MSU alumnus Abraham Aiyash is the first progressive Muslim Yemeni-American candidate running for State Senate in District 2.
The primary will be held Aug. 7, and the election is Nov. 6.
Aiyash is 24 years old and studied premedical sciences, political theory and constitutional democracy while at MSU. He was also a member of the Student Senate, a part of the James Madison College, co-founded a non-profit, was the president of the Muslim Students’ Association, or MSA, and was a member of many other organizations.
He said he rebuilt MSA and gave the organization a new direction.
“I saw this opportunity there to really take this organization and make it something where one, we engage the Spartan community on campus, not just among each other but we are able to engage many people on campus, and say look, we have a presence,” Aiyash said.
MSU alumna Hauwa Abbas has known Aiyash for more than three years and has worked alongside him with MSA.
Abbas credits Aiyash for changing the reputation of the MSA — for the better. Before, they were seen as a place where Muslims met up, but really did not do much, Abbas said.
“He really changed the structure to make it more academic-based and something of purpose,” Abbas said. “He ended up being the kind of president we have never seen before in MSA past.”
He worked with businesses to give members of MSA discounts and access to places. One of his proudest accomplishments through MSA was the Halimah Project, an organization that provides support for refugee children in Lansing.
“These kids are growing up in a country where they are being told by a few people that they somehow don’t belong,” Aiyash said. “So I took it upon the MSA to say we have to do something for these kids to make sure that they escaped fighting fear and famine in hopes of building a better tomorrow.”
Aiyash always thought he would go to medical school, but the vision for his life changed. Aiyash was an organizer for protests when President Donald Trump signed the travel ban. This event is where he was thrown into the political atmosphere and began to see the impact he could have, he said.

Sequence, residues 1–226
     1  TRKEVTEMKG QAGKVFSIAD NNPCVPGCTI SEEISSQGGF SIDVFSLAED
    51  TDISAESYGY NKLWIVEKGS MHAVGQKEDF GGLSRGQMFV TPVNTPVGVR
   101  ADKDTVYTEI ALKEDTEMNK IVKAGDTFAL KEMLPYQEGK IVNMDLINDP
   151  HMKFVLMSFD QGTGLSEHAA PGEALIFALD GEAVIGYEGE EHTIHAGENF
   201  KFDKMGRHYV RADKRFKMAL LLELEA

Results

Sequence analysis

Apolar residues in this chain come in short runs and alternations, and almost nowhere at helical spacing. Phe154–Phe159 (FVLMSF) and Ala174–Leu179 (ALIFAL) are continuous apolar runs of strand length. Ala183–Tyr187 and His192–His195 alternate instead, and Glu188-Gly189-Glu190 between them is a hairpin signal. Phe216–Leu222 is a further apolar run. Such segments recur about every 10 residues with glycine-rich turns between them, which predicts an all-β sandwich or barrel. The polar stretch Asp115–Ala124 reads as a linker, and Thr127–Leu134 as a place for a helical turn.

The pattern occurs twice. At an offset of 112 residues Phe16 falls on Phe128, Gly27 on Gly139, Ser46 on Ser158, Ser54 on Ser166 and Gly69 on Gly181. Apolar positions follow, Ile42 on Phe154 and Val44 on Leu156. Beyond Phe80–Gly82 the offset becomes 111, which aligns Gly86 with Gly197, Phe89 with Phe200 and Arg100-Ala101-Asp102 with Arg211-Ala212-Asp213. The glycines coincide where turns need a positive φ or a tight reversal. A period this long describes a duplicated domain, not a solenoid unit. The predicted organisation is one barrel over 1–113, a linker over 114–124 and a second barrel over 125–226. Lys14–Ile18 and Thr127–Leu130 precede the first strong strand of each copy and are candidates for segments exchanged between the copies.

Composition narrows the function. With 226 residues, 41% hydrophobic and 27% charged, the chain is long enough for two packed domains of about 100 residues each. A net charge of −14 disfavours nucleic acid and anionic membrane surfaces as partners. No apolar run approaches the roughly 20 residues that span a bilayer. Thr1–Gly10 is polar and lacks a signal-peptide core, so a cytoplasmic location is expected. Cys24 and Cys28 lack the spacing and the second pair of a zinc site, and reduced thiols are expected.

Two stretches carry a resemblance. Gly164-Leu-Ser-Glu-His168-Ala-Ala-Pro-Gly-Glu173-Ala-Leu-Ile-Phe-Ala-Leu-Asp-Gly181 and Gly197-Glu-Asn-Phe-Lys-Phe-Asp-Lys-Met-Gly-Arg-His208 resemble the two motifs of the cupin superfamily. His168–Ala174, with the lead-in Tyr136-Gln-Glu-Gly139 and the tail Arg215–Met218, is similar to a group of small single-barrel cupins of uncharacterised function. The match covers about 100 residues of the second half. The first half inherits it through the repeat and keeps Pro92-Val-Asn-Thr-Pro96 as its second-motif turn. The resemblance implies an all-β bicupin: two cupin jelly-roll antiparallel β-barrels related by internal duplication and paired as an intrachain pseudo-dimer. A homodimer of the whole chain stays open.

“We had a demonstration to show people that the Michigan State community is with you, and we will not let one election define who we are as a community, and we are not going to allow one election to define how we treat people, as a function of who they are or what they believe in,” Aiyash said. “In that moment is when I started getting encouragement from friends and mentors to consider getting back into the political landscape.”
One of his driving motives for running for this election is wanting to fix the political corruption and profit-driven decisions. He wants to engage people in their government by being an honest leader, Aiyash said.
“We need to set a standard for honesty, accountability and transparency,” he said.
Aiyash’s priorities in his campaign are transparency and engagement. If elected, he will be the first state senator to release his financial reports to his constituency. He will make that clear and accessible to the public, Aiyash said.
“I want to make sure that we have leadership that will be held accountable,” Aiyash said.
Social relations and policy senior Gerena Walker was in James Madison College alongside Aiyash. Aiyash re-created the college inclusion committee.
Walker said he is fair and she thinks his age gives him an advantage.
“He is in a good position because with him being young, he is very open, especially in dealing with innovation and trying new techniques,” Walker said. “He is also closely-knitted as far as being apart of having recently just studied public affairs.”
Aiyash also added he wants to reach out to other districts and engage people in other communities.
“As a senator, I am going to be a lobbyist for the second district, and a senator for the entire state,” Aiyash said. “I want do as best as I can, as good as I can, for as long as I can."